There are all sorts of resonances around us, in the world, in our culture, and in our technology. A tidal resonance causes the 55 foot tides in the Bay of Fundy. Mechanical and acoustical resonances and their control are at the center of practically every musical instrument that ever existed. Even our voices and speech are based on controlling the resonances in our throat and mouth. Technology is also a heavy user of resonance. All clocks, radios, televisions, and gps navigating systems use electronic resonators at their very core. Doctors use magnetic resonance imaging or MRI to sense the resonances in atomic nuclei to map the insides of their patients. In spite of the great diversity of resonators, they all share many common properties. In this blog, we will delve into their various aspects. It is hoped that this will serve both the students and professionals who would like to understand more about resonators. I hope all will enjoy the animations.

For a list of all topics discussed, scroll down to the very bottom of the blog, or click here.

Origins of Newton's laws of motion

Non-mathematical introduction to relativity

Three types of waves: traveling waves, standing waves and rotating waves new

History of mechanical clocks with animations
Understanding a mechanical clock with animations
includes pendulum, balance wheel, and quartz clocks

Water waves, Fourier analysis

Friday, May 27, 2011

Understanding special relativity

All postings by author next - history of relativity

Understanding special relativity

1904 image of Albert Einstein
Fig. 1a. Albert Einstein (1879-1955), German/Swiss/American physicist. One of the great physicists of the twentieth century, started much of the current "modern physics", including relativity and quantum mechanics.
relativity is unnecessarily confusing to the average person
Fig. 1b. Albert Einstein's usage of "time" and "space" makes his theory of relativity confusing to the average person.

Preview of this article

Einstein's theory of special relativity has been an unquestionable success in accounting for the behavior of very rapidly moving objects. From its beginnings to explain the behavior of light, it has been expanded to cover anything to that is moving extremely rapidly. It is particularly central to the understanding of high energy subatomic particles such as those occurring in nuclear (radioactive) events.

This posting introduces the history of this theory and goes on to explain it using an approach suggested by John Bell. This approach uses an absolute reference frame to introduce relativistic effects as an alternative to the warping of space and time which the average person finds difficult to understand. While Einstein seemed to greatly dislike the use of an absolute metric, his theory does not rule it out and its use greatly aids the introduction to relativity. This approach also leaves open the possibility of an absolute metric in the minds of students, who may someday go on to invent new physics based it. Some thoughts about the meaning of an absolute metric are also explored.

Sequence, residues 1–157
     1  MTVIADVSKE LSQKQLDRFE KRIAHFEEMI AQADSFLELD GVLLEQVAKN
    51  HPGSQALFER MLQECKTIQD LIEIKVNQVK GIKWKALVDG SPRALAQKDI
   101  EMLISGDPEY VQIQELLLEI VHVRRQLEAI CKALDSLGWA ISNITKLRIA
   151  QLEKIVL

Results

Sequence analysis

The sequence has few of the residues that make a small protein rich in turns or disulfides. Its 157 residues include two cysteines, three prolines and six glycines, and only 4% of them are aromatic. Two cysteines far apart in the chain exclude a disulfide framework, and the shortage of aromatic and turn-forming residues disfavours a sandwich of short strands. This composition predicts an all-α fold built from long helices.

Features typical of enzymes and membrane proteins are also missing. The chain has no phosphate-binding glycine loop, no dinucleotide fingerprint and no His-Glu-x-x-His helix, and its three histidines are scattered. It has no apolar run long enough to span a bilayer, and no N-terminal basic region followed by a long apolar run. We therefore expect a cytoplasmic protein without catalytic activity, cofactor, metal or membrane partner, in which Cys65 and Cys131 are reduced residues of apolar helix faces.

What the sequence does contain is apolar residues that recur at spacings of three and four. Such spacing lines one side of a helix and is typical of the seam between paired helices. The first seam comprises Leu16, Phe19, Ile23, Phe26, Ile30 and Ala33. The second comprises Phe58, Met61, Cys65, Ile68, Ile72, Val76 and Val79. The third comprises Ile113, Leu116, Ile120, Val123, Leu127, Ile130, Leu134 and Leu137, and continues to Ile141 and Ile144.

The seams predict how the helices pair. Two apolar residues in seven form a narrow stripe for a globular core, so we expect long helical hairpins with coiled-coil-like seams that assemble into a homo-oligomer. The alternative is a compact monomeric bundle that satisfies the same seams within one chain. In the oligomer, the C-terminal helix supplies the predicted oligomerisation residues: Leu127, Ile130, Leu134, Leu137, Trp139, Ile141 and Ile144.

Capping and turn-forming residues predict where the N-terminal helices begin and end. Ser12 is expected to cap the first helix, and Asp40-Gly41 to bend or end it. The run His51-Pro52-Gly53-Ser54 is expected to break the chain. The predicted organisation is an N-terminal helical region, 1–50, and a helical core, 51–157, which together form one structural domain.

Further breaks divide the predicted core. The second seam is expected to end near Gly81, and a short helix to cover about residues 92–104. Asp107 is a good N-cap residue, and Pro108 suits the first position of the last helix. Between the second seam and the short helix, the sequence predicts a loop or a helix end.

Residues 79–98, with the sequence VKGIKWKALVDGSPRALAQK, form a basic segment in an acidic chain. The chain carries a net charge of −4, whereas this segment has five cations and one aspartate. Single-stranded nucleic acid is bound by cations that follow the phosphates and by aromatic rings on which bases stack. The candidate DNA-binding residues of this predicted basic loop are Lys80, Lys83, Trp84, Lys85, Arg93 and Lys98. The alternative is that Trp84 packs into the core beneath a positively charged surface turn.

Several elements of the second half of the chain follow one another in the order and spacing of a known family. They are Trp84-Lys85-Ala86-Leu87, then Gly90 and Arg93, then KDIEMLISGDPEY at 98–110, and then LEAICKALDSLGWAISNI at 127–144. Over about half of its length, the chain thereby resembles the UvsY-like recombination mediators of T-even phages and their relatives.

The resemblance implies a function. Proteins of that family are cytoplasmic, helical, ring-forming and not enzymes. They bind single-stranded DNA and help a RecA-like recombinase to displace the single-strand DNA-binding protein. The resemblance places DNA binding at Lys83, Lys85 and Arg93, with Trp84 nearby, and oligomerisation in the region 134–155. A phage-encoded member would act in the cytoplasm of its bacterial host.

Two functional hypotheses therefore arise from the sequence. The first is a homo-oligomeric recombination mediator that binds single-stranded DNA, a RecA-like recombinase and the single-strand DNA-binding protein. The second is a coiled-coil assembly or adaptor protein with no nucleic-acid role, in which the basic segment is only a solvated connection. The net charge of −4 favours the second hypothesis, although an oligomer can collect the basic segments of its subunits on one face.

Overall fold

This paper presents relativity at a non-mathematical level, stressing the history, phenomena, and philosophy of relativity. Some readers might also be interested in a set of postings of a subsequent article that delve into the mathematical side of the subject.

Direct link to a summary of this article

Contents of "Understanding special relativity"

  1. Preview
  2. Contents
  3. A brief history of relativity
  4. Thought experiments
    Fig. 1c. The decay sequence for radioactive neptunium. Einstein's theory of special relativity provided the basic background knowledge that led to the understanding of the complexities of nuclear physics.
  5. The confusing aspects of Einstein's approach
  6. Lorentz transforms as a pragmatic calculational tool
  7. Several applications of special relativity
  8. Summary
  9. General relativity
  10. What is space?
  11. Is ether dead?
  12. Progression of clocks at the National Institutes of Science and Technology
  13. Advantages of including Lorentz's approach in the teaching of relativity
  14. Links and references
  15. The mathematics of special relativity
All postings by author next - history of relativity